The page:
Alginate Microbeads Production
Microencapsulation is one of the most interesting fields in pharmaceutical technology since its inception many years ago. Microencapsulation products (microparticles, microbeads) are small entities that contain an active agent or core material surrounded by a shell or embedded into a matrix structure.  Among all these materials, alginate remains a suitable candidate for many applications.
Alginate Microbeads are one of the most widely investigated cell encapsulation materials as they are biocompatible, non-toxic, biodegradable, and cost effective.  Following is a method for encapsulation of reagent into alginate spheres with total control of bead formation.
The generation is performed with the RayDrop developed and manufactured by Secoya, this droplet-based microfluidic method is used to precisely control the production of microbeads without the drawbacks of large size distribution found in other methods.
Features of Fluigent’s Alginate Microbeads Production Station
The alginate beads generation package contains all the necessary components to begin generating alginate droplets.
The package contains accurate pressure controllers, microfluidic chips, and valves for the highest flexibility in terms of droplet size and generation rate.
A protocol is available to assist you in setting up your experiments.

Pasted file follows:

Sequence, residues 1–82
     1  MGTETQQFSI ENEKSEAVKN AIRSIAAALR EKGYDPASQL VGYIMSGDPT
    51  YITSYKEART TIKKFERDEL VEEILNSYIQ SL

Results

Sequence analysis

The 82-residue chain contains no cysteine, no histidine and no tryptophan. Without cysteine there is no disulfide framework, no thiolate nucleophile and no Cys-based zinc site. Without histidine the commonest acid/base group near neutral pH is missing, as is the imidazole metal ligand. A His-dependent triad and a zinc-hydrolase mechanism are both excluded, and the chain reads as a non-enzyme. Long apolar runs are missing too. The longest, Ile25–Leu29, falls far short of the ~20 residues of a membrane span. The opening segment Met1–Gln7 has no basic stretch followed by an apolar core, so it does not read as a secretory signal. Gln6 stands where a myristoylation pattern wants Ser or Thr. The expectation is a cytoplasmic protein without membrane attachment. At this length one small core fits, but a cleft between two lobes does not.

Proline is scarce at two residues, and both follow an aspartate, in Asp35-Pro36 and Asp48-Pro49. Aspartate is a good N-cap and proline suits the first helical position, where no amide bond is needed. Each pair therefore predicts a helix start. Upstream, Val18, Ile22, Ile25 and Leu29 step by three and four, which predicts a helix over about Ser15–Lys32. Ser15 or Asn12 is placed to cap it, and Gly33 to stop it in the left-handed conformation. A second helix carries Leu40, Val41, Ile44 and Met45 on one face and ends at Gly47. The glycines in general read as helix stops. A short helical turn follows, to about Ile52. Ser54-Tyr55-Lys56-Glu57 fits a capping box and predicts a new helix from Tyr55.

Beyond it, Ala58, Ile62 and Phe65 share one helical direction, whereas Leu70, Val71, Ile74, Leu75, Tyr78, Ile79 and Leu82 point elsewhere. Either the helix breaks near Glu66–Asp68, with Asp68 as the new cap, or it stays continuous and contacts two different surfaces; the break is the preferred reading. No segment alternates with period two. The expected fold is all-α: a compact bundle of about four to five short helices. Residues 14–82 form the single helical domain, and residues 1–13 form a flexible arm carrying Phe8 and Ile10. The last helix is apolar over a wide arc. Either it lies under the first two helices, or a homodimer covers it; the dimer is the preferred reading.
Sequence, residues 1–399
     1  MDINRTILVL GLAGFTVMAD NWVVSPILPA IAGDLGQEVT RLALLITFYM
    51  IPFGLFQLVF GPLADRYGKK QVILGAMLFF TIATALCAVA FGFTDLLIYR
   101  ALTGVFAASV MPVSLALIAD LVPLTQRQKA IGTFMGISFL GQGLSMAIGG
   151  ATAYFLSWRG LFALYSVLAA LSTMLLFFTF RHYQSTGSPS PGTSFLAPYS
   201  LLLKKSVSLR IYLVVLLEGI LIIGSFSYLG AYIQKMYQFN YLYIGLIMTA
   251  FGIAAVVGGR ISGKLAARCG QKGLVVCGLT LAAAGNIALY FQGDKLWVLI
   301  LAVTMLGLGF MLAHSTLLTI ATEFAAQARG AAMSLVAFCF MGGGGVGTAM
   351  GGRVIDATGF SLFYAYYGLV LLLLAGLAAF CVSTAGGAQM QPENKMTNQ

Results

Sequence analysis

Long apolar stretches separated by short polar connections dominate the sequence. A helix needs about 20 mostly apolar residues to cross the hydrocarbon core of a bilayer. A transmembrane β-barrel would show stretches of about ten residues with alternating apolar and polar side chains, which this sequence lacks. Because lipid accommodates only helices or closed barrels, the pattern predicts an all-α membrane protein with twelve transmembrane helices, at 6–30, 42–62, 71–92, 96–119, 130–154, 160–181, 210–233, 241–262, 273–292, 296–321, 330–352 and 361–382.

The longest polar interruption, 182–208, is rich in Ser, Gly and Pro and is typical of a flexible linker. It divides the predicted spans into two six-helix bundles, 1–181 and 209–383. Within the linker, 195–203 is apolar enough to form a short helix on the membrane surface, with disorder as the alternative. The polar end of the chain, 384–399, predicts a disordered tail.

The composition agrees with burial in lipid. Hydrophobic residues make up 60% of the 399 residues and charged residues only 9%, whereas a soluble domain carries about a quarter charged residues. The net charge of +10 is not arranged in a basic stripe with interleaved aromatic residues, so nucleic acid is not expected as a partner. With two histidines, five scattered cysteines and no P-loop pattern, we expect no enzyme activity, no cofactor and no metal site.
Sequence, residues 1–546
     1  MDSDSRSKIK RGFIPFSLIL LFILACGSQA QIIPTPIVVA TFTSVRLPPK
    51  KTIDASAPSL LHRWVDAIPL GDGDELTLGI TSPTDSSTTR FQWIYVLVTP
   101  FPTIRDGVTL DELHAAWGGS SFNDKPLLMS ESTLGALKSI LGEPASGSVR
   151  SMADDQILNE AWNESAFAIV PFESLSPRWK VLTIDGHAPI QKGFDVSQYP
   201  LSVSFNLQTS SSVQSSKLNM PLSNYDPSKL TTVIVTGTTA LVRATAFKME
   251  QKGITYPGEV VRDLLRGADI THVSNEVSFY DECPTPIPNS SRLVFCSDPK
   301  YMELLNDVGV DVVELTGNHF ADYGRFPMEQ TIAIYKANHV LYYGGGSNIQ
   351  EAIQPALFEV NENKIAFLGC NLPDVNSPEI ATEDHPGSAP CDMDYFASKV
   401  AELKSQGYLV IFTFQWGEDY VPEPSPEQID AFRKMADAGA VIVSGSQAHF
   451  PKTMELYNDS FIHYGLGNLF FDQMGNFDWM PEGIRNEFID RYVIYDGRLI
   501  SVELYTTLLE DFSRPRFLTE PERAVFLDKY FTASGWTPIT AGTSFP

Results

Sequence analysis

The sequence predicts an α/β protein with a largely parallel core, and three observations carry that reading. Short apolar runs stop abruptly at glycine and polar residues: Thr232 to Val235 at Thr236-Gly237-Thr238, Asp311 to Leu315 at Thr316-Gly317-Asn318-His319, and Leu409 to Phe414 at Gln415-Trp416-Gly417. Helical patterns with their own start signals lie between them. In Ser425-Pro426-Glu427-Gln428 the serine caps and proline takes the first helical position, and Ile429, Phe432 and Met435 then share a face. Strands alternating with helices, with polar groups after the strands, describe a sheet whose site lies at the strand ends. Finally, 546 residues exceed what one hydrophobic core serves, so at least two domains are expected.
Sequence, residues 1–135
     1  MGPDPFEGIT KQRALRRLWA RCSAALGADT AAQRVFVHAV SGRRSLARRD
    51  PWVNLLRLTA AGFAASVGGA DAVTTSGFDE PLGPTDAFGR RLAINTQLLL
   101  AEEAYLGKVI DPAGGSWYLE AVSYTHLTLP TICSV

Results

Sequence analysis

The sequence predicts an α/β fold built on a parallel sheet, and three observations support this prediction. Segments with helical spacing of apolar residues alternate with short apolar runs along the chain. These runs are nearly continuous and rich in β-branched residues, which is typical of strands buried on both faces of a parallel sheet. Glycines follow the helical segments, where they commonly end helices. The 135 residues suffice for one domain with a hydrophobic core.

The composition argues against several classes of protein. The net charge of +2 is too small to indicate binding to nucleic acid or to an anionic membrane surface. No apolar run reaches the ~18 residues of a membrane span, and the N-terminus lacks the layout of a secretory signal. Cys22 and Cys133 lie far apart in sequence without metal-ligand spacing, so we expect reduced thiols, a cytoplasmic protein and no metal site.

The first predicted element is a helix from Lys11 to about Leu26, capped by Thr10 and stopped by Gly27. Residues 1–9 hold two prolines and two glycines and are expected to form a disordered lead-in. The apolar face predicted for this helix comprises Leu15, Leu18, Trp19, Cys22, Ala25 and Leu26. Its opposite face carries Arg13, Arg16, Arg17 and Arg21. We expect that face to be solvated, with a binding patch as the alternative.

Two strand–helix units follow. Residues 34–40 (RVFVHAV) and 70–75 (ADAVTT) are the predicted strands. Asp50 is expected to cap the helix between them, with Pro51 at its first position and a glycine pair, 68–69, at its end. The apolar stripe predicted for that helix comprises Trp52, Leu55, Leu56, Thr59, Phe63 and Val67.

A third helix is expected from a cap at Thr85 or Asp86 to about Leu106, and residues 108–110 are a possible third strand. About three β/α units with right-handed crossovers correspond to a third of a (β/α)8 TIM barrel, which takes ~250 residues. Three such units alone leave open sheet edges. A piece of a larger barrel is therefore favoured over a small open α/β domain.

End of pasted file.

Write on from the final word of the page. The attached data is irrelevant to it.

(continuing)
We can adapt the package to fulfil your needs (alginate beads size, generation rate).
How to Produce Mono-dispersed Alginate Beads?
Microencapsulation is a versatile technique employed across various industries, including chemicals, pharmaceuticals, cosmetics, and printing. This innovative process involves packaging solid, liquid, or gaseous active ingredients within a protective secondary material, safeguarding them from external environmental factors.
The applications of microencapsulation are widespread, contributing to advancements in controlled drug release, enhanced product stability, and improved efficiency in diverse manufacturing processes.
Explore the benefits and applications of microencapsulation to stay at the forefront of technological advancements in your respective industry.
Why Choose Alginate for Microencapsulation?
When considering microencapsulation techniques, the choice of material plays a pivotal role in determining the success of the encapsulation process. Alginate, a naturally derived polymer extracted from seaweed, emerges as a standout option for various reasons.
1. Natural and Sustainable: